According to scientists, DNA testing performed on more than 6,000 dogs has revealed that a duplication on canine chromosome 18 is strongly associated with Huskies and their beautiful blue eyes.
Experts say that while two genetic variants are known to underlie blue eye color in certain dogs when it comes down to Huskies it’s different as these do not explain the trait in dogs like Siberian Huskies.
The study published in the Journal PLOS Genetics was done by Adam Boyko and Aaron Sams of Embark Veterinary, Inc., a dog DNA startup company headquartered in Boston, MA, and Ithaca, NY, and research partner of the Cornell University College of Veterinary Medicine.
The paper represents what is considered the first consumer genomics study ever performed in a non-human model, and is the largest canine genome-wide association study to date.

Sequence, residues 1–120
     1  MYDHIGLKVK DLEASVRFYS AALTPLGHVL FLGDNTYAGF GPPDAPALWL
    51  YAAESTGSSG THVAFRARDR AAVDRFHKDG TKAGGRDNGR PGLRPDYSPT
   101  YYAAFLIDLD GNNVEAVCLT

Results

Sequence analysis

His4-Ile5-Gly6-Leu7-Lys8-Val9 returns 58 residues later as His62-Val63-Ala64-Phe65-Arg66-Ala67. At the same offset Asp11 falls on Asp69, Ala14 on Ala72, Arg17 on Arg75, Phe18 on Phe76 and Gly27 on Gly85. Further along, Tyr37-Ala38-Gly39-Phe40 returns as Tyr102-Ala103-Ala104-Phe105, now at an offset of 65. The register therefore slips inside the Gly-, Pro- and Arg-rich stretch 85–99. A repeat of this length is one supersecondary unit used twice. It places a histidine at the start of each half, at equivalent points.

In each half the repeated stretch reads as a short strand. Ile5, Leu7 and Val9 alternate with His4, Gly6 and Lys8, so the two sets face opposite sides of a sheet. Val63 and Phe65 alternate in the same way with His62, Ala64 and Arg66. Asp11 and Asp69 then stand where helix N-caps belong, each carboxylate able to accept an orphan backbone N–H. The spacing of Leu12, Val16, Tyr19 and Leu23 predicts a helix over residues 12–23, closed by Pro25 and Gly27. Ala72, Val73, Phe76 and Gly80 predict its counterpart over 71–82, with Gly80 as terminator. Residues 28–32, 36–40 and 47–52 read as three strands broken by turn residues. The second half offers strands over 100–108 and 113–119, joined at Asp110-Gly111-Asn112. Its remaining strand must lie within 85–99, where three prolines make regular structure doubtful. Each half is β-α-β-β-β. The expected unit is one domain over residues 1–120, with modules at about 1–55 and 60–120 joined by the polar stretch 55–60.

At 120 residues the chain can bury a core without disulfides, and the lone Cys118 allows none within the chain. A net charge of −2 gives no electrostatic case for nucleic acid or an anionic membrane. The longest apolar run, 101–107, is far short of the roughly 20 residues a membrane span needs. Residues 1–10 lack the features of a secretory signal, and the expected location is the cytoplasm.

In the study, scientists discovered that a 98.6-kilobase duplication on chromosome 18 near the ALX4 gene, which plays an important role in mammalian eye development, strongly associated with variation in blue eye color, primarily in Siberian Huskies but also in non-merle Australian Shepherds.
Aaron J. Sams adds: “Using genetic data from the pets of our customers, combined with eye colors reported by customers for those same animals, we have discovered a genetic duplication that is strongly associated with blue eye color.”
“This study demonstrates the power of the approach that Embark is taking towards improving canine health. In a single year, we collected enough data to conduct the largest canine study of its kind.”
“Embark is currently pursuing similar research projects in a range of morphological and health-related traits and we hope to continue to use our platform to move canine genetics and health forward in a very real way.”